Ivory Coast President Ouattara to seek third-term in October elections

Friday August 7 2020


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Abidjan. Ivory Coast President Alassane Ouattara said Thursday he will contest tense presidential polls in October, which come after years of political turbulence and civil war in the world's top cocoa grower.
The presidential race was transformed after prime minister Amadou Gon Coulibaly -- seen as Ouattara's anointed successor -- died of a heart attack on July 8 at the age of 61.
"I am a candidate in the presidential election of October 31," Ouattara told public broadcaster RTI.
"I have decided to respond favourably to the call of my fellow citizens," he said.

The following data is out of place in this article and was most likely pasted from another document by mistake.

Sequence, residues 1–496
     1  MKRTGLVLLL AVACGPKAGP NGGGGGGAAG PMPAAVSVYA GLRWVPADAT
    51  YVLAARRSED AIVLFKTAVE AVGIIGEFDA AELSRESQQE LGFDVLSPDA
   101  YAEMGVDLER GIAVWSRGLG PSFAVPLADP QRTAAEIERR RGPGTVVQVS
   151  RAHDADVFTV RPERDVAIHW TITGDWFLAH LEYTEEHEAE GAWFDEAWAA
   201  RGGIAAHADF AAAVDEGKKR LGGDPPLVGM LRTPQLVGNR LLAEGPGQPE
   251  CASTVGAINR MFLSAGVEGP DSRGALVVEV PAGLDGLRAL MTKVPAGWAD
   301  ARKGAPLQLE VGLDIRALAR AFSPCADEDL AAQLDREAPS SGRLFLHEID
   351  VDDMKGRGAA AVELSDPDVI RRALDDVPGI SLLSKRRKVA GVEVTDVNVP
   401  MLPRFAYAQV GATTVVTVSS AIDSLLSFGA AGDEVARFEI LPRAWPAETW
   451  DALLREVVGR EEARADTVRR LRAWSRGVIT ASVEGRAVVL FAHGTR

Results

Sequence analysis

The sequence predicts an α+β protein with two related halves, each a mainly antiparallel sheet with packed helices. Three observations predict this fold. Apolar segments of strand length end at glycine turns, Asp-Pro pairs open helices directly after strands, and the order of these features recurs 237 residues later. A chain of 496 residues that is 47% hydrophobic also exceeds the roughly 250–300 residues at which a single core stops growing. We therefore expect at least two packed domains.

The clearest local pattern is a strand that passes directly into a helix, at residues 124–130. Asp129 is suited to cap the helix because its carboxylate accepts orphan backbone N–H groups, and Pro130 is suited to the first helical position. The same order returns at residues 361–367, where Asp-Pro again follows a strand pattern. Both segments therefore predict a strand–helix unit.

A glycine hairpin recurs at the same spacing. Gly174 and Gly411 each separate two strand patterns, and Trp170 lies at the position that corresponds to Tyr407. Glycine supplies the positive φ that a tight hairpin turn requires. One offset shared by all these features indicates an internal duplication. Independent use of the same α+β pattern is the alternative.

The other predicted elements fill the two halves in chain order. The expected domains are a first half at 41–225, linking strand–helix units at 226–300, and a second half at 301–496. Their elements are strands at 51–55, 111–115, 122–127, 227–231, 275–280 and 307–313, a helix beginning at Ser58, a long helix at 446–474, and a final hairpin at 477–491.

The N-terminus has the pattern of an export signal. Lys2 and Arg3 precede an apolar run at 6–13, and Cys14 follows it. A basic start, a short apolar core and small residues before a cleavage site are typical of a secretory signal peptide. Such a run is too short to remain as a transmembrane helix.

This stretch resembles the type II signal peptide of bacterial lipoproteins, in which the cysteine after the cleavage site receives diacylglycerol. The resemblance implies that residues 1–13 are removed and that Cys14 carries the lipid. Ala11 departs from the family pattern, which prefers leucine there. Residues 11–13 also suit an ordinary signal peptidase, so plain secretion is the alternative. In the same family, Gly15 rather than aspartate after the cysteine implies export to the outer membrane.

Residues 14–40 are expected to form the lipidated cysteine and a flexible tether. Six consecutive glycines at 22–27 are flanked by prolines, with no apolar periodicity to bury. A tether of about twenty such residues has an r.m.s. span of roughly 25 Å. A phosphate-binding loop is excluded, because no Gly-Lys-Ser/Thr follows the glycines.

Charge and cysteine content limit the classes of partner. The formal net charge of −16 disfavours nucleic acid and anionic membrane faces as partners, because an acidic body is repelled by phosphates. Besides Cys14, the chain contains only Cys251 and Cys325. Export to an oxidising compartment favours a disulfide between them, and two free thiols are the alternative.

Ouattara's decision will likely spark accusations of abuse of democracy under the country's two-term presidential limits.
He has previously argued that a constitutional change has reset the clock, enabling him to potentially run again.
The election comes after a low-level civil war and then political turmoil that erupted in 2011 when former strongman Laurent Gbagbo refused to cede power to Ouattara after losing elections.
The ensuing unrest claimed some 3,000 lives.
The polls are also being contested by Gbagbo's former prime minister Pascal Affi N'Guessan, former president and Ouattara's arch-foe Henri Konan Bedie and former foreign minister Marcel Amon-Tanoh.
Gbagbo, freed conditionally by the International Criminal Court (ICC) for crimes against humanity, has applied for a passport so that he can return home for the election.
Gbagbo and his deputy Charles Ble Goude were acquitted of four counts of crimes against humanity over the 2010-2011 bloodshed following a disputed vote in Ivory Coast: murder, rape, persecution and other inhumane acts. They had always maintained their innocence.